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Obamacare was Not Designed to Fail

A conservative critique of ACA, aka Obamacare, is that it was designed to fail so Democrats could instead implement a single-payer health care “system”. Here’s a column by the respected Larry Elder.

I disagree with that view. ACA was the Democrats’ attempt at using government bureaucracy to administer health insurance and resulting health care. Democrats, following progressive ideology, do not trust the market process. Progressives believe they are smarter than the rest of us and can allocate resources better and fairer than market processes. Note also some conservatives believe this as well. People in government, whether (modern) liberal, conservative, or middle-of-the-road take simply cannot give up the power and control that government provides them. They could be in an elected or appointed capacity.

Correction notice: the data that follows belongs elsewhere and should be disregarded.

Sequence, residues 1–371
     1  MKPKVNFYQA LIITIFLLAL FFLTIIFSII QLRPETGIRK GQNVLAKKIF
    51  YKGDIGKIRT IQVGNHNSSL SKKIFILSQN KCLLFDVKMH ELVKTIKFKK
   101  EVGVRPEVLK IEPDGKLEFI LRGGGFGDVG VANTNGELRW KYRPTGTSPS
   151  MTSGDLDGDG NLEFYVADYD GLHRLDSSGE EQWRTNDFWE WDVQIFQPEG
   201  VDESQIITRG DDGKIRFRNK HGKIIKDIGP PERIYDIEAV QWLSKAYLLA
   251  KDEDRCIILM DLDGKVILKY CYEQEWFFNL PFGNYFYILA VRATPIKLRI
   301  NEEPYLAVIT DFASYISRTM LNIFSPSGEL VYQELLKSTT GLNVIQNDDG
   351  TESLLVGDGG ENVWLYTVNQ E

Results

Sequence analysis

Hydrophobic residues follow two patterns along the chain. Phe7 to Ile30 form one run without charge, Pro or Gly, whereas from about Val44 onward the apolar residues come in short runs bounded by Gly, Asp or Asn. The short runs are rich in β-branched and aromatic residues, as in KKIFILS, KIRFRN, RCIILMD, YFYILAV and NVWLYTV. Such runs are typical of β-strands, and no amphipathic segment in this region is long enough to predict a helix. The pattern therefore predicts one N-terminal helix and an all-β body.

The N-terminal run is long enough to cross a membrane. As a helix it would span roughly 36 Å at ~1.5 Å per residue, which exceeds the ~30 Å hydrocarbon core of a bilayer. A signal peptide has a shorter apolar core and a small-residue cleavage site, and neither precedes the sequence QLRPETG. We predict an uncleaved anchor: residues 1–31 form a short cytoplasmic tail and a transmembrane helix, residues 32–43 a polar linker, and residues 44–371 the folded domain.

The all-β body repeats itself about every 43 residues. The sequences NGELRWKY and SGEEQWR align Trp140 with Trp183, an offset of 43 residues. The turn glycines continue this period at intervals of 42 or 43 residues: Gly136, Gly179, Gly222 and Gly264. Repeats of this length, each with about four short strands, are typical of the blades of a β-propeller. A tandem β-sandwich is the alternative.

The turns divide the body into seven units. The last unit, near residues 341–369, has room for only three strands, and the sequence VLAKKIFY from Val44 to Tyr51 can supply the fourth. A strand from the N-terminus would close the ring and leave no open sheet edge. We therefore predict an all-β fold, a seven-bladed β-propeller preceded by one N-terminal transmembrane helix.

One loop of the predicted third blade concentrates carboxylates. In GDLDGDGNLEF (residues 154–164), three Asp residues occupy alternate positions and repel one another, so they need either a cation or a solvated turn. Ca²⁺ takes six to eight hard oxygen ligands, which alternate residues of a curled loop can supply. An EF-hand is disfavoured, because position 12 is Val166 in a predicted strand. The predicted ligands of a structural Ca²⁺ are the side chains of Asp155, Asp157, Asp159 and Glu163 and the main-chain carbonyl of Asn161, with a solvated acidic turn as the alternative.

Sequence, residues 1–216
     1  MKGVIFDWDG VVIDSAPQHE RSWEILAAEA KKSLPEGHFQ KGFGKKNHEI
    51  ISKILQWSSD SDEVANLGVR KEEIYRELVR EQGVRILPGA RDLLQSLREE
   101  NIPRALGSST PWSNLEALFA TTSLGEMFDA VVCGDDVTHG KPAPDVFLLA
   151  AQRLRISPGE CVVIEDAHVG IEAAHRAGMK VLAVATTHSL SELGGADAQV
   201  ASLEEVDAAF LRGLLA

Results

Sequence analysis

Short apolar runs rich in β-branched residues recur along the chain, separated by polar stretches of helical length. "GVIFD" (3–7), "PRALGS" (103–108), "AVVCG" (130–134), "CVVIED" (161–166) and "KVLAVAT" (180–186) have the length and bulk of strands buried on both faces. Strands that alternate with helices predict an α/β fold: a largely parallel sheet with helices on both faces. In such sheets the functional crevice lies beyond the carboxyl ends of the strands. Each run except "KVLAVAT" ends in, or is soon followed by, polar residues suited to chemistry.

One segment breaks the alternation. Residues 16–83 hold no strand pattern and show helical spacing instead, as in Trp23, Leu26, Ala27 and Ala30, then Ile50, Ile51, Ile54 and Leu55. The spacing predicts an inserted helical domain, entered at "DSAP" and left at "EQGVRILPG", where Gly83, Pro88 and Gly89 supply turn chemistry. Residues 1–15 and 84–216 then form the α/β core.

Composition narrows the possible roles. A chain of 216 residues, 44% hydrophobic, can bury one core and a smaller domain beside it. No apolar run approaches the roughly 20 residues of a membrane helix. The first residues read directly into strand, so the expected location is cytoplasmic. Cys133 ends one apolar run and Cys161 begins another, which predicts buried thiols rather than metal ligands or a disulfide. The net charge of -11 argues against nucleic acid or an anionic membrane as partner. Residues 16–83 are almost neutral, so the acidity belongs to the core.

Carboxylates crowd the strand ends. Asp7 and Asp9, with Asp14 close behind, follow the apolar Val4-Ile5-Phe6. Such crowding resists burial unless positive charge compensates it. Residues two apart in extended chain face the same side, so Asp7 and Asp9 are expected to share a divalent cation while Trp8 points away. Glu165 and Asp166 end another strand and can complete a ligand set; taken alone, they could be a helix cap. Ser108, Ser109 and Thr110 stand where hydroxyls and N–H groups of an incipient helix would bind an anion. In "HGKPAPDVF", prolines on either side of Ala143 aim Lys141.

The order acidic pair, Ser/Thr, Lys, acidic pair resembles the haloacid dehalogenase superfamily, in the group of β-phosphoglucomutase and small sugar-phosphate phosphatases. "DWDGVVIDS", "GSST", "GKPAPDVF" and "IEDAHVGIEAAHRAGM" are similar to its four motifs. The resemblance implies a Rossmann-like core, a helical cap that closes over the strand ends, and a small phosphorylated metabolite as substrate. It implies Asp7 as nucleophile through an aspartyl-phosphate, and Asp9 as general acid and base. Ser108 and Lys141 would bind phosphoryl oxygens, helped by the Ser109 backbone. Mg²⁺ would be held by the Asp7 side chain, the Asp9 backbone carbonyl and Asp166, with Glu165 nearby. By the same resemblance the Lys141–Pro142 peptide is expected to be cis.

The market process consists of individuals making decisions, voluntarily interacting with one another in commercial transactions, trial-and-error, competition, choice, and experimentation. You can see from this description how some failures will occur with market processes. But it also allows for many more successes, inventions, and improvements.

If health care cannot be administered by government bureaucracy while letting some limited individual decision-making as the ACA allows, it certainly cannot be distributed by freed market processes. Its too important. Government has to completely take over.

But the Democrats have been pushing, with some Republican help, for bureaucratic administration, which consists of unelected government employees issuing rules and regulations that do not have to be implemented legislatively. Adding language in legislation gives the appropriate government agency the rule-making power.